Therefore, I am convinced that the most responsible, durable method is for us to select designs that expand our choices, and to draw quite heavily from time-tested designs that have worked for thousands of years — tempered with a dose of pragmatism that incorporates contemporary lifestyle needs.

Adaptability is crucial in the face of such inevitable uncertainty about the future. We need to proceed with caution (and, I might add, with a sense of modesty, rather than the arrogance of, say, modernists, who arrogantly believe we can cavalierly jettison timeless design principles from our past).

The 911 attack on the World Trade Center buildings has influenced a move toward shorter buildings. I am sympathetic, as one of the time-tested design features I am supportive of is the idea that (non-civic) buildings should not exceed 5 stories in height. Above that height, we lose a human scale. For example, it is said that one cannot easily converse with someone on a sidewalk if one is on a balcony higher than five stories.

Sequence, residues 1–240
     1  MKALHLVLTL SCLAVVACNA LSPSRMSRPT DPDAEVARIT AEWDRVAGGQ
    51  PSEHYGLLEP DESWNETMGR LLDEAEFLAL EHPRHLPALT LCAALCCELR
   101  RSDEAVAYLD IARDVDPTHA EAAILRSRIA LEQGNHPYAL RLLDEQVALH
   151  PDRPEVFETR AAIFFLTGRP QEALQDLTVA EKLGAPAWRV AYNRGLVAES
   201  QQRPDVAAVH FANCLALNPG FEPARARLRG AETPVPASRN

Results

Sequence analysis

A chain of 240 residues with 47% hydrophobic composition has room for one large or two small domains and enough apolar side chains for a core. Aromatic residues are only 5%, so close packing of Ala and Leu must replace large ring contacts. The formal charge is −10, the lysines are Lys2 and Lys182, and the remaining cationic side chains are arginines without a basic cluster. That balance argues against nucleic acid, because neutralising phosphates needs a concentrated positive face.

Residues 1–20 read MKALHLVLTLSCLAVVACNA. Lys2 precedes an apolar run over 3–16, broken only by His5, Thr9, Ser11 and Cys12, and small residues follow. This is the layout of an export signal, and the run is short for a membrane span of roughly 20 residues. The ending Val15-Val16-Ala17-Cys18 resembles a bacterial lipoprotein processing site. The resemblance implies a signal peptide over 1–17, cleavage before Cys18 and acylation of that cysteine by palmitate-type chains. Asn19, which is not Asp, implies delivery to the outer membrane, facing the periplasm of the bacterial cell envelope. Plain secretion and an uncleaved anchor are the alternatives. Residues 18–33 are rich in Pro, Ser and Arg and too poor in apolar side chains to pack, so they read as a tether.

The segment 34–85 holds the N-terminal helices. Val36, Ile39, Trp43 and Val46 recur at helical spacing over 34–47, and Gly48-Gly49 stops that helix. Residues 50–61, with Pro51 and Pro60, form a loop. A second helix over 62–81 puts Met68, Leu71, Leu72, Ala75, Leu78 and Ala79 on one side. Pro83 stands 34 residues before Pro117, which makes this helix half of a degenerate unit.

I think there are certain things we’ve tried in the past that we can say with a fair amount of confidence will NEVER be a good idea. I think that the Triple Convergence demonstrates that road widening will NEVER be a good idea in the future (to solve congestion). Studies in environmental science show that it will NEVER be a good idea to return to an age when we spewed hundreds of tons of carbon dioxide from coal-fired power plants. Medical science shows that it will NEVER be a good idea for humans to smoke three packs of cigarettes each day.

 

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Filed under Sprawl, Suburbia, Transportation, Urban Design